We had initial reports of this behavior a few weeks ago and met with iYogi’s senior executives to ensure the behavior was being corrected. Thus, we were shocked to find out about Mr. Krebs’ experience. As a consequence, we have removed the iYogi support service from our website and shortly it will be removed from our products. We believe that this type of service, when performed in a correct manner, provides immense value to users. As such, over the next weeks, we will work with iYogi to determine whether the service can be re-launched.
In the meantime, users can receive support via the other support options provided on our website. We will also work to ensure that any users that feel they have been misled into purchasing a premium support receive a full refund. We ask that users send any complaints or concerns to firstname.lastname@example.org or even to myself, the CEO, if desired, email@example.com.
Having over 100 million users has its downside—it means that users searching for Avast are also a prime target of scammers as well as legitimate companies trying to piggy-back on our name recognition. Every day we receive complaints from people that have been scammed. Some have been scammed into paying to download a free copy of Avast. Others have been tricked into buying a product they thought was Avast but was not. This happens in many different ways but at the core is the greatest scourge of the internet—socially engineered scams and deceptions. Thieves and even legitimate companies are masters at taking advantage of people’s natural penchant to trust others. Some scams are quite blatant and most of us would consider them theft or cheating. Others are much less obvious and may even be considered zealous marketing and selling. One finds such deceptions in search results, on download sites, and even in internet domain names. Read more…
If you have seen the new Avast website (available only in English and French right now) or products, you have surely seen our new logo:
Today is the big day—the day we (and many of you) have been waiting for—we are starting the release of the Version 5.0 products today. This is a pretty complicated roll-out so we are staging it. Today we will be releasing the new products (and the new website) in English and French. Over the next 10 days or so, we will be releasing the products and website in additional languages (German, French, Spanish, Portuguese, Czech, Russian, Polish, Chinese, Japanese, and possibly Korean, and Arabic). Other languages will then be added as we have them available.
Three products (Free Antivirus, Pro Antivirus, and Internet Security) and a new website are being released today. Even though we have expanded our product portfolio, our philosophy of having and promoting a top-notch free antivirus is paramount. This philosophy has enabled us to achieve 100 million users and we are continuing it. As you read through our new website and launch information, you will see that not only is the new free product easier to use and more visually appealing than the old product, it provides even more security protection. And it is still free and free from annoying pop-ups and requests for money.
These products are not minor updates from the existing products. They are all new. Some of the changes—such as the new user interface—are obvious. Some are not obvious at all (such as the new scanning engine). All-in-all we think they are a vast improvement from the current products—modern, light, fast, and very effective. For details, see the product detail pages on the new website. Read more…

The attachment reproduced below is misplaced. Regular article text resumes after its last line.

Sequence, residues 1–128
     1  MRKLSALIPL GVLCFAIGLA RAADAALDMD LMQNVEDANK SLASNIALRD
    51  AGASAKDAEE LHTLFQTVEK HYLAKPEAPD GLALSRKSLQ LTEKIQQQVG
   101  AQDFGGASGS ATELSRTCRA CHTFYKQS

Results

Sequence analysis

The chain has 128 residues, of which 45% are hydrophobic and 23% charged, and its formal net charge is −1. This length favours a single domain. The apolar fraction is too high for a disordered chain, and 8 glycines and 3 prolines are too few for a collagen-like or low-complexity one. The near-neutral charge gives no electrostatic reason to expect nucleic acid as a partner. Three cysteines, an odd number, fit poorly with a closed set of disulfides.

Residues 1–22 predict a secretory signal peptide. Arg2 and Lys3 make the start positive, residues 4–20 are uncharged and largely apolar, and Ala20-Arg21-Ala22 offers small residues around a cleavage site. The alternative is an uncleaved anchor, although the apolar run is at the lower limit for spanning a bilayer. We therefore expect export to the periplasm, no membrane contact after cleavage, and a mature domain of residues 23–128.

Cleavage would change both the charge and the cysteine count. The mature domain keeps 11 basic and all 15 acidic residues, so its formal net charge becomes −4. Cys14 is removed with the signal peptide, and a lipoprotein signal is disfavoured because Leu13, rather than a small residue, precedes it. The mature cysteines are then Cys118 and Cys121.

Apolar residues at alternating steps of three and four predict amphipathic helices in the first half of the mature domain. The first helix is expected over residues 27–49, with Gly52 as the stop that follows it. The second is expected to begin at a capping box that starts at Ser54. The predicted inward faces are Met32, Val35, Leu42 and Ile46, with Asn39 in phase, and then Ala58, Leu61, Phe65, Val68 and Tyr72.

Virus Bulletin, one of the most respected reviewers of security products, wrote a very detailed review of the Avast 5.0 beta products in their January issue (http://www.virusbtn.com/files/Avast-Jan2010.pdf). This is a lengthy review but to me the best line was their summation of the new free product: “the free version being available to all without charge is nothing short of a miracle”. There was also a review of it in the recent AV-Comparatives test of performance/system impact. The product scored the highest rating: A+.
With the new Free Version 5.0, we attempted (and we think succeeded) to raise the bar on free security products. We decided that our new free product needed to be the best antivirus product in the world—not just the best free product. We think we have succeeded, or come darn close. Now you the users (and of course the reviewers) can let us know…. Read more…
As we get ready to launch our new Avast! Free Antivirus Version 5, we are proud to announce that Google has chosen this product for inclusion in Google Pack. Google Pack is a package of free software that Google assembles and distributes to its users around the world. Google Pack includes Avast for the following languages: French, German, Italian, Czech, Spanish, Russian, Portuguese, and Polish. Read more…
We did it. We reached the 100 million user milestone at 10:59 Tuesday morning. We have been anticipating this event all year. We started the year with about 70 million users. We had a little celebration and promotion for 75 million users. Then we watched 80 million and 90 million go by. By October it was clear that we would cross 100 million in December. So, on the morning of 8 December all of our staff crowded around a large monitor to watch the registration counter tick upwards to 100 million. We had a little self-induced tension in the event—just 30 seconds before the 100 million mark, someone hit a button on a remote control that switched the display away from the count—some seconds of mad scramble restored the picture. Read more…